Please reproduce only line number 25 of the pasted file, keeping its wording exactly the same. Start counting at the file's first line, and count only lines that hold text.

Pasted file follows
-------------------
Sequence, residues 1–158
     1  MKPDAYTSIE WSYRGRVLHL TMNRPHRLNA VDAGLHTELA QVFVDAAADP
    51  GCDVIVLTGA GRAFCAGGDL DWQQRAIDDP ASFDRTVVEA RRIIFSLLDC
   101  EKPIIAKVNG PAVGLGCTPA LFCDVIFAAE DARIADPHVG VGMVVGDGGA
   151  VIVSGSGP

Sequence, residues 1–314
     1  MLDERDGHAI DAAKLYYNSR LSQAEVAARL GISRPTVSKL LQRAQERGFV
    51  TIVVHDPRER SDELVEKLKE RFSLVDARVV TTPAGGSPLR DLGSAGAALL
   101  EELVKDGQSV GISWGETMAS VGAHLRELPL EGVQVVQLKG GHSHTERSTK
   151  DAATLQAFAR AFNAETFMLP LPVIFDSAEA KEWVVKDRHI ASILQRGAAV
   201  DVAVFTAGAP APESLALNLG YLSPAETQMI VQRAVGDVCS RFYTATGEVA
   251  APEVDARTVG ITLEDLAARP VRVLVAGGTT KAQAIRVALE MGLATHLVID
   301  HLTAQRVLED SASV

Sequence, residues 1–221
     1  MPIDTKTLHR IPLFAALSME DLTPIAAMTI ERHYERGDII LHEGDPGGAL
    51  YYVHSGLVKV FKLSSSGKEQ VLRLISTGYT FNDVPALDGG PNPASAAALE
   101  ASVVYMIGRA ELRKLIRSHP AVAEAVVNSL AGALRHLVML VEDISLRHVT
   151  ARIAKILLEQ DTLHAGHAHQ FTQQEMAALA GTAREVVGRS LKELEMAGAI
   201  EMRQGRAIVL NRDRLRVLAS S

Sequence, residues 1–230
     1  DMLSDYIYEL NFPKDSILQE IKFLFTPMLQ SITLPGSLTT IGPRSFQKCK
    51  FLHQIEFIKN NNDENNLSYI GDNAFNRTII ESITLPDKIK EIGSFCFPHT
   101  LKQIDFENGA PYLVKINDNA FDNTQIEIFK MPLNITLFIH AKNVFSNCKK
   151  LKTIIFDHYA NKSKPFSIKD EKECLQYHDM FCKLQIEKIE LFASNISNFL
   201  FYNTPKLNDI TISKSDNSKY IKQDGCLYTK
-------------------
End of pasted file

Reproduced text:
   201  FYNTPKLNDI TISKSDNSKY IKQDGCLYTK